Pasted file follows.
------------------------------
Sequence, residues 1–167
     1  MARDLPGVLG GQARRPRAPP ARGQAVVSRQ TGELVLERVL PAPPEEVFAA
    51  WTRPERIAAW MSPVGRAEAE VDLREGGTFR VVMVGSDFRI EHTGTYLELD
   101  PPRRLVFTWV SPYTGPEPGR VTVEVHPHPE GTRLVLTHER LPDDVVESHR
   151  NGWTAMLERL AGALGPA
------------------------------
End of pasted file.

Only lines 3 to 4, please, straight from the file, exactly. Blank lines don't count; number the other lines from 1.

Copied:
    51  WTRPERIAAW MSPVGRAEAE VDLREGGTFR VVMVGSDFRI EHTGTYLELD
   101  PPRRLVFTWV SPYTGPEPGR VTVEVHPHPE GTRLVLTHER LPDDVVESHR